2. gcochran9 says:

    Cosmic rays are NOT a major cause of mutations, and a lot of bad mutations is NOT equivalent to genetic drift.

  3. Steve Setzer says:

    I wonder if there have been enough generations among the polygynous Mormon offshoots to make for an interesting comparison with their monogamous kinfolk among “regular” Mormons. Same environment and ancestry.

  4. ironrailsironweights says:

    Do Gambians have a high rate of genetic problems?

    • gcochran9 says:

      They must, if their paternal age is this high. But you’d need good records to see it. The simplest case would be a dominant lethal – there would be about 5/3 as many cases.

      • dave chamberlin says:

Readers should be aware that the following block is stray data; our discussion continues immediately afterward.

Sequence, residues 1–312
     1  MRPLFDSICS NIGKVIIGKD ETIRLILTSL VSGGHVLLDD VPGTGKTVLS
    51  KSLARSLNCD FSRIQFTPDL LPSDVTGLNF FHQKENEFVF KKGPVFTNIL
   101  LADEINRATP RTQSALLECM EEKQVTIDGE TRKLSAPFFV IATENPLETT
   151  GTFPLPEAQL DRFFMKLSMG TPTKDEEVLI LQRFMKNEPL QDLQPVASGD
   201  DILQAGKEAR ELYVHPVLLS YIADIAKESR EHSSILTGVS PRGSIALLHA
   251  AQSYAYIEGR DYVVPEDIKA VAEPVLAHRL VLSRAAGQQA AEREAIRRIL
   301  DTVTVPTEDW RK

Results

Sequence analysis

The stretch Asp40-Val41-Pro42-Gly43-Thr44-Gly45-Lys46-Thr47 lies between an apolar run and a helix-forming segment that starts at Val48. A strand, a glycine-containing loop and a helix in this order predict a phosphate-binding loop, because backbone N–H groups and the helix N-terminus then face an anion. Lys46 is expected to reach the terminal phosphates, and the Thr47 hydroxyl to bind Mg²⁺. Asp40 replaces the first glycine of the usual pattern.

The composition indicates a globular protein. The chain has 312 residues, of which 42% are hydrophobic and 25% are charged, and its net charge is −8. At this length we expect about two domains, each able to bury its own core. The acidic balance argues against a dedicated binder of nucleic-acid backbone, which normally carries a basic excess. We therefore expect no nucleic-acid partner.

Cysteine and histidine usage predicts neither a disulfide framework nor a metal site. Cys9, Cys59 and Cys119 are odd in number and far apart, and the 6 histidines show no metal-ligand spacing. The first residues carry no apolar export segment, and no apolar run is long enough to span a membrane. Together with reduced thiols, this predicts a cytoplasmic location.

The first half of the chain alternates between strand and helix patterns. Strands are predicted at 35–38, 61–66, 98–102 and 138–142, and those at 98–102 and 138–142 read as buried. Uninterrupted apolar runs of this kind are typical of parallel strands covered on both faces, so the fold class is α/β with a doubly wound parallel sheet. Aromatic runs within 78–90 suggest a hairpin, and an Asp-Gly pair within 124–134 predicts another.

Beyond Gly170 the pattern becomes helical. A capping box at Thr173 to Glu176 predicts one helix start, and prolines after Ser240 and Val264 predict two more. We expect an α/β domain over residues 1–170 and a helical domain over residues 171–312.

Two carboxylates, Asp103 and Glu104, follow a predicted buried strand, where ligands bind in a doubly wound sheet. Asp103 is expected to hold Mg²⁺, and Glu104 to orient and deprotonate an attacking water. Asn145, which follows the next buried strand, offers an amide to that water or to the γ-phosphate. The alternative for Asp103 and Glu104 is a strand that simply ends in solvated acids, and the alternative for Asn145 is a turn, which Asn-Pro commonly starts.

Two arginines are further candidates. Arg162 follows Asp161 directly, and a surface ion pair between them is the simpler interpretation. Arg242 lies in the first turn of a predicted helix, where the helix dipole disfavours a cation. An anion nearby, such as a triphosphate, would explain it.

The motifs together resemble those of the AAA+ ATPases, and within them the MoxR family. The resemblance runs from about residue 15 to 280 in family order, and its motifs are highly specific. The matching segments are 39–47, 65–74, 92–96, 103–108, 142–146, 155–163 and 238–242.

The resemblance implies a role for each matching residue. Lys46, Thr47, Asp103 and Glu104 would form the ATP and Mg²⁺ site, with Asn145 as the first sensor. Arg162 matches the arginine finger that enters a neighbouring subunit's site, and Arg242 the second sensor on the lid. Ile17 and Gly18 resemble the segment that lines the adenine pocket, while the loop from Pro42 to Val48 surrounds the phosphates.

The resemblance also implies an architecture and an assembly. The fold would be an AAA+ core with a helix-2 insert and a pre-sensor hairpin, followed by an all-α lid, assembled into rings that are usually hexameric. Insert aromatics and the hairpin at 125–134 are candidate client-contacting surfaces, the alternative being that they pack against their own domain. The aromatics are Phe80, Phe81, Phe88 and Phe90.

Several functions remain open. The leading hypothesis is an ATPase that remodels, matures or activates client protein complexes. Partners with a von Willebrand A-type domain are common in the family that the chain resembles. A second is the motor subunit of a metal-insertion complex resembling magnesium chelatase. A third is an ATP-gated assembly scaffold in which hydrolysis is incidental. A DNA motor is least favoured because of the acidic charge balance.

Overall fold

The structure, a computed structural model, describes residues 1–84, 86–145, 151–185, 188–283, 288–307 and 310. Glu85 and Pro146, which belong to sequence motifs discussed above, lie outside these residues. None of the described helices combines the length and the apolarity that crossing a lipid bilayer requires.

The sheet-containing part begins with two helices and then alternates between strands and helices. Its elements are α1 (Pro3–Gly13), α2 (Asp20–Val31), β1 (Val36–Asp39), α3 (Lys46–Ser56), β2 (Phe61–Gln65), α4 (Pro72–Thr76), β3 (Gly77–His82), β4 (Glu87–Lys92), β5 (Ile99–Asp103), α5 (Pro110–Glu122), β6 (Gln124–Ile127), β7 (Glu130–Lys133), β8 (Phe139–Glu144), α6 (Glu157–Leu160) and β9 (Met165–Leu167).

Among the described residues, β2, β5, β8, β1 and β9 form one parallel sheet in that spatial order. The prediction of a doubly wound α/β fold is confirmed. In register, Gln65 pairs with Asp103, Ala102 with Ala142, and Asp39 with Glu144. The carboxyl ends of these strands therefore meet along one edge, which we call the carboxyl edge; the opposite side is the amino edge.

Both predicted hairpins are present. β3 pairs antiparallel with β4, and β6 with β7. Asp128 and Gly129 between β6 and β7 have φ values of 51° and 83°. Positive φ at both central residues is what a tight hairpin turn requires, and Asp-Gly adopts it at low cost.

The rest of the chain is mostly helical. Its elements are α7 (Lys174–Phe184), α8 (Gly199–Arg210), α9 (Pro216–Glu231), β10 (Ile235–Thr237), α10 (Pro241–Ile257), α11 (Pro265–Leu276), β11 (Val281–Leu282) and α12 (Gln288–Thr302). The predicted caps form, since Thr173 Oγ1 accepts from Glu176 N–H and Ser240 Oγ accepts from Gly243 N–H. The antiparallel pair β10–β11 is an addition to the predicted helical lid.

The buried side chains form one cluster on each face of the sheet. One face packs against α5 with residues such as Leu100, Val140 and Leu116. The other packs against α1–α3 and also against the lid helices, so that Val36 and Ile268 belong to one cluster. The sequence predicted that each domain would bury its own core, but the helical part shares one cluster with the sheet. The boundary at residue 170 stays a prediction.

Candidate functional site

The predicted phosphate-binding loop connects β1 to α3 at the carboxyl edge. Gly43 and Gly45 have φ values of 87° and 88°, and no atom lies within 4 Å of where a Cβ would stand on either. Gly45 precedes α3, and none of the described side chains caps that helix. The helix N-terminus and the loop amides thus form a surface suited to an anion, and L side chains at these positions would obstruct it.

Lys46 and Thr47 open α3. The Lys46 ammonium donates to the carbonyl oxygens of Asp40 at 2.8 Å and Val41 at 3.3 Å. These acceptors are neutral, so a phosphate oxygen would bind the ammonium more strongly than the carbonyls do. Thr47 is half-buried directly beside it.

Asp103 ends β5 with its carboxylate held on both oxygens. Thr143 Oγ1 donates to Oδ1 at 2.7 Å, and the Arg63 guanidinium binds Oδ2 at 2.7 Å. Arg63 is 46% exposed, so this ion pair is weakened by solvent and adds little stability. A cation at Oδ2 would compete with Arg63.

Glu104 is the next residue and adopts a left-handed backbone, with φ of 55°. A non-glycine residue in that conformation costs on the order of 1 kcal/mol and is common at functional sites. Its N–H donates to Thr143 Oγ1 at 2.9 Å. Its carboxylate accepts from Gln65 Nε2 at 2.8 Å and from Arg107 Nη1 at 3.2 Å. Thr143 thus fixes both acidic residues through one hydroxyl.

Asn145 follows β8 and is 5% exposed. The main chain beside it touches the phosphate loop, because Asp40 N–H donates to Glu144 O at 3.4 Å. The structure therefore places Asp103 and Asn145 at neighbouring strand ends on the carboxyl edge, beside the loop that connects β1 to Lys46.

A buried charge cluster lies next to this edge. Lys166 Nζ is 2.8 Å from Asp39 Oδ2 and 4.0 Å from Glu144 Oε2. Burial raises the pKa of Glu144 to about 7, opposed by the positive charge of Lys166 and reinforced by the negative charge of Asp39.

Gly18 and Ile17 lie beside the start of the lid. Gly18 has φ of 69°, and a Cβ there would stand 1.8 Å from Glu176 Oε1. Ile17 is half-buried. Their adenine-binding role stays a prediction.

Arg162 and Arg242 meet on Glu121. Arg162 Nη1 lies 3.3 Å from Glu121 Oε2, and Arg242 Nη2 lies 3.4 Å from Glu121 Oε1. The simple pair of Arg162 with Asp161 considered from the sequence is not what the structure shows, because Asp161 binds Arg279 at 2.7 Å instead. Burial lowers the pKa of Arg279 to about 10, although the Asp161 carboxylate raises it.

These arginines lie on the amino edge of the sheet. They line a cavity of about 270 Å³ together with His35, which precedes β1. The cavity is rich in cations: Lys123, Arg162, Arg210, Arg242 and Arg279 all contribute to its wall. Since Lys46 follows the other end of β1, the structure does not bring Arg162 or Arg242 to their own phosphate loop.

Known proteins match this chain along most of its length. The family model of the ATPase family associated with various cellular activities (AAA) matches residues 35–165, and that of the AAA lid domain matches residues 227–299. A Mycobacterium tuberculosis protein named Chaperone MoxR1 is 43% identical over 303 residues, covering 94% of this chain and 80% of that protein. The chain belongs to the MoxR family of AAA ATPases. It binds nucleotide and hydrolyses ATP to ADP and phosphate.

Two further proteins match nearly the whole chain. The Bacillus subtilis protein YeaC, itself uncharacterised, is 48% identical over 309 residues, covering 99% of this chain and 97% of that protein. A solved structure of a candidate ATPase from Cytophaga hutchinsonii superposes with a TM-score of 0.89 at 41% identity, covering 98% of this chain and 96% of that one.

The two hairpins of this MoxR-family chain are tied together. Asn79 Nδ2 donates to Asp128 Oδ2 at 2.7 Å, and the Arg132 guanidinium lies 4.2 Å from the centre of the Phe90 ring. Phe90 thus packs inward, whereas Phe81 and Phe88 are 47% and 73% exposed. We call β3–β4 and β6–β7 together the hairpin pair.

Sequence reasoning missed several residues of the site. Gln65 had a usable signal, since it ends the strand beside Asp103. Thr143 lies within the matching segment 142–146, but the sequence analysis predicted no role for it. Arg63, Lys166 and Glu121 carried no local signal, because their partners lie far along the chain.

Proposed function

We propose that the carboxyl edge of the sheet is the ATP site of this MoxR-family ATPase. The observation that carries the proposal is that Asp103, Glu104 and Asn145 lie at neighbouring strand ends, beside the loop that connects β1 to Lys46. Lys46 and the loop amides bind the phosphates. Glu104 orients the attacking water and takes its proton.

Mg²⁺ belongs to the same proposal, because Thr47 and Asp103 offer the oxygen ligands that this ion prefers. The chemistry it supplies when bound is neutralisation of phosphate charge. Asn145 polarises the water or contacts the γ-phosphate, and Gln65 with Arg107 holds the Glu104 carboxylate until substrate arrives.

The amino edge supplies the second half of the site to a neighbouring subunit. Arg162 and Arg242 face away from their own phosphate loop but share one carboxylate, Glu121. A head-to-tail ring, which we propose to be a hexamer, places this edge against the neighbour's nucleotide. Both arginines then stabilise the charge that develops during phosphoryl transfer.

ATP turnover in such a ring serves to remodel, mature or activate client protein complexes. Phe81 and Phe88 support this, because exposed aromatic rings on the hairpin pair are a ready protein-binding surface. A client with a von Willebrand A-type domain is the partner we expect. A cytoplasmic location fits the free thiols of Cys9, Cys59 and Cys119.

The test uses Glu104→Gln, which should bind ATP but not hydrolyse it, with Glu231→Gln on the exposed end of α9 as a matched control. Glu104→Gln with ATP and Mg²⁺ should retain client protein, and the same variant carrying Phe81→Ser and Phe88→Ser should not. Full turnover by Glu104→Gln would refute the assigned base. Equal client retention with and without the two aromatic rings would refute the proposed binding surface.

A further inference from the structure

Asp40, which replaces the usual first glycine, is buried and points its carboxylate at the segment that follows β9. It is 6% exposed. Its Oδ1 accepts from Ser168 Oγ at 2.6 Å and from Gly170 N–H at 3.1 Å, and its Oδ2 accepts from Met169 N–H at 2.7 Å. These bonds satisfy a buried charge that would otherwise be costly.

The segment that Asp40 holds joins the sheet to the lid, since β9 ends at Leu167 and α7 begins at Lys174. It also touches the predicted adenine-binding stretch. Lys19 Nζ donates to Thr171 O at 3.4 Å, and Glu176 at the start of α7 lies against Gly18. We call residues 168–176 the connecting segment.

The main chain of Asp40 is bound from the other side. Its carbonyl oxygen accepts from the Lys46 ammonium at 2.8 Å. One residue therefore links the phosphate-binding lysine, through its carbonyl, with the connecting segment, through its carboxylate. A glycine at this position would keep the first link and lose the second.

Facinating and wide ranging implications follow from your hypothesis that there is a strong correlation between polygyny and higher mutational load. As an amatuer evolutionary theorist it has bugged me for a long time as to why societies that favor polygyny (a male with two or more wives, a sub category of polygamy) slump. Without any negative side effects one would think they would flourish, afterall the male that is fittest is now the father of more children. This is exactly the case in other species, deer for example, but it for some reason it doesn’t work for humans. The largest and most obvious example in human societies that domonstrate a slump because of the widespread practice of polygyny is the muslim world. Historians have long known that the muslim world lost its mojo (OK thats not scientic, its ability to lead in either economic industry or science) around 900 AD. Hunter gatherer societies are far more prone to practice polgyny than are agricultural ones, but this I fear is too general a statement to mean anything. But still societies follow the same laws of evolution that species do, and small advantages one holds over the other can mean the differences between dominance and extinction given enough generations. In short I believe you are on to something big Cochran.